Chinese Arms and Armour
Chinese arms and armour require unique skills. You can't just go down to the local martial arts store and order a tengpai. This section of the Chinese Swords Guide is dedicated to the best artisans worldwide. If you don't know where to get it or who does it well, this page will eventually have your answer. Please be patient when commissioning custom items from craftsmen and women of this quality. They are in demand but their work is worth the wait.
Each artisan featured on this page has a link to a whole page about them and their work. You will find links from their individual pages to their websites if they have one, or contact details.
Antique Sword Restoration
Philip Tom's Restoration.
of California in the USA, has a reputation as the best of the best. His knowledge of ancient Chinese arms and armour is practically encyclopedic. He is well within his comfort zone advising museums on the subject. But it doesn't stop there. Philip can turn a rusty Qing dynasty jian blade into something like the one pictured on the right. I have personal experience of his expertise. That's my sword. He did an expert job on. There will be a page dedicated to Philip Tom, linked to this paragraph very soon.
There are many custom swordsmiths in the world of Chinese arms and armour. Expect to see some of the best from this spot in the future. If you have a recommendation, use the form at the bottom of the page to let me know.
Kuo Chang-hsiKuo Chang-hsi of Taiwan is a traditional Chinese and Japanese Sword Maker
who includes the phosphorous from human bones in his swords. He has been crafting high quality swords for over 30 years. He followed the family career of blacksmithing and transitioned to sword smithing later in life. He is the man who created the Green Destiny jian for Crouching Tiger, Hidden Dragon.
Master Rich Chen, of Zubeng Forge
, is a traditional maker of Chinese and Japanese swords. He makes his own steel from the river sand up, selects each piece of coal and coke for heating the steel, and only accepts the very best of his work for sale. Master Chen selects tamashagane steel from his smelting processes and only uses that to make Chinese and Japanese swords. Click for an interview with him on how to make a sword.
Peter Dekker's Grip Wrapping.
Peter Dekker of the Netherlands, is unique in his craftsmanship with grip wrapping.
If you want to see how it is done, he has written an article he's willing to share with you. If you want him to do it for you, there is a link to Peter's website on his own page in the Chinese Swords Guide. The double diamond wrap, an art lost somewhere in the Qing dynasty, is just one of his wonderful restorations to the disappearing world of Chinese arms and armour knowledge.
Peter Dekker's Rattan Shield.
Our first featured artisan in shield design, is Peter Dekker.
He has found a number of unique niches in ancient Chinese arms and armour. Among them are grip wrapping of swords, manchu archery, and tengpai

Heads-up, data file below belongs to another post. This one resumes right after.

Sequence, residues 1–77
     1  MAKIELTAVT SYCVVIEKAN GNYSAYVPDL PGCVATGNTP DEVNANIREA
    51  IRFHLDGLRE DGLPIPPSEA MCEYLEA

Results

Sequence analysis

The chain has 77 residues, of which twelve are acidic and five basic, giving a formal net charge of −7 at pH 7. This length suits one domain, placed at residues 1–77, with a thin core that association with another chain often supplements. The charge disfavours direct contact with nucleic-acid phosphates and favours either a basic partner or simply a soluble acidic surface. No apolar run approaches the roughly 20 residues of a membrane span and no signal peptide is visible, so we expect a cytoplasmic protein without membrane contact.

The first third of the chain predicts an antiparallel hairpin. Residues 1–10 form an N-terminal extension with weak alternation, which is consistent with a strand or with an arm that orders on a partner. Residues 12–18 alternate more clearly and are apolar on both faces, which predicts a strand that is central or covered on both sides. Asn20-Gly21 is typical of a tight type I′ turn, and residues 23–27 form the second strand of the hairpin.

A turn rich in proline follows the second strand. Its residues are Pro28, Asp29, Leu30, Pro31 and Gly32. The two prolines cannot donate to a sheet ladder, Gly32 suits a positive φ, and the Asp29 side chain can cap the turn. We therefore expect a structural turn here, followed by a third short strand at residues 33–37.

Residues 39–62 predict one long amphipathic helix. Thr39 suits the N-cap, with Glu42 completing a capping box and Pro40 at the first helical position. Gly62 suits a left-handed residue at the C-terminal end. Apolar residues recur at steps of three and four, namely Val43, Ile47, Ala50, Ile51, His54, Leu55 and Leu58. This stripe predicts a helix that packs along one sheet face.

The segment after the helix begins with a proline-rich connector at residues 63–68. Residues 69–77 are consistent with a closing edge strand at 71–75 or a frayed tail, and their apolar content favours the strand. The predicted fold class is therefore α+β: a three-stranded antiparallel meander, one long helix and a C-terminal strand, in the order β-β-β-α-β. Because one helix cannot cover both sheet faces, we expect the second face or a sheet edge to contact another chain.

(or rattan shield) making - the art of making rattan shields, commonly used by both military and village soldiers in China's past. Follow this link to the rattan shield page with Peter Dekker.
This section will have links to makers of helmets, gambesons, steel armour - anything that protects you while training in Chinese swordsmanship. I'm accepting recommendations for this. Fill in the form below if you would like me to check out an armourer you know.
Wooden Training Swords
Carina Carricione-s Wooden Swords.
There are a number of good choices for Chinese wooden training swords. I'm only putting the best I know up here.
Carina Cirrincione of Raven Studios in the USA, has a reputation for wooden swords it's almost impossible to break. I have quite a few of her jian and dao. They are custom made, one at a time, and I haven't broken one yet. Carina has consulted with Scott Rodell on the best design for training swords for the school I'm part of. She is willing to adjust to your needs and she doesn't only make Chinese swords. See Carina's wooden sword page here. (link coming very soon)
Tony Mosen's Jian.
Tony Mosen is a wonderful artisan. I have many of his beautifully crafted jian. In fact, the design he created was measured off my antique jian. Tony has done a lot of research, trialing various Australian woods, to find the strongest for his swords. If you live in Australia Tony's swords are an excellent option for training in Chinese swordsmanship. At the moment he is working on a Miao Dao design.
There will be a link here to a feature page on Tony's swords in Australia, soon. he is one of the few people now designing wooden miaodao desiogned for partner training.
Custom design by Graham Cave.
of Scotland designs two types of wooden swords.
- Those which have the weight of real swords and handle as closely as possible to real swords. These are made for sparring and partner training.
- Those which are as close as possible to the dimensions of real swords and display the grace and artistry of Chinese design. These are suitable for forms practice.
This section will grow as the best artisans for Chinese arms and armour emerge. If you are one of these, or if you know a shy one who isn't coming forth, please fill in the form below and give me the heads up.
The chinese Swords Guide is now available as an RSS feed. Right click on the orange button on the menu bar, and copy the link into your reader. This will let you know whenever a new featured artisan appears in this section, as well as other updates on Chinese arms and armour on the site.
I want this place to be participator friendly, so when there is enough interest, there will be an e-zine mailed out, and a place for your comments and articles.
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